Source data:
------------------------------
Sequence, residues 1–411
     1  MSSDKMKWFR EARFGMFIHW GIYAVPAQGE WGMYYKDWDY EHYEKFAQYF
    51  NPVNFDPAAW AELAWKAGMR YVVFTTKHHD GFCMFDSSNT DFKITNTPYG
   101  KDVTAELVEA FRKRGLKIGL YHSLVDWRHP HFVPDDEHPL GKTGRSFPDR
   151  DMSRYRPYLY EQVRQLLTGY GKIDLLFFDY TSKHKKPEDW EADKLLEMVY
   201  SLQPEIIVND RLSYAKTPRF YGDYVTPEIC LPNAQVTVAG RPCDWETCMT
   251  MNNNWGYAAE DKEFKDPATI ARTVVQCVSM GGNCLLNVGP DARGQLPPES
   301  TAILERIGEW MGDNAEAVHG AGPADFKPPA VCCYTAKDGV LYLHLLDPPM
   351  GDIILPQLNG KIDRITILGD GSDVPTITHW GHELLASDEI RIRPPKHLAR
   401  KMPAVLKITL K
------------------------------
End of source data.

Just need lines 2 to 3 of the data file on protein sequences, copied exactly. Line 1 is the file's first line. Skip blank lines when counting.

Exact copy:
     1  MSSDKMKWFR EARFGMFIHW GIYAVPAQGE WGMYYKDWDY EHYEKFAQYF
    51  NPVNFDPAAW AELAWKAGMR YVVFTTKHHD GFCMFDSSNT DFKITNTPYG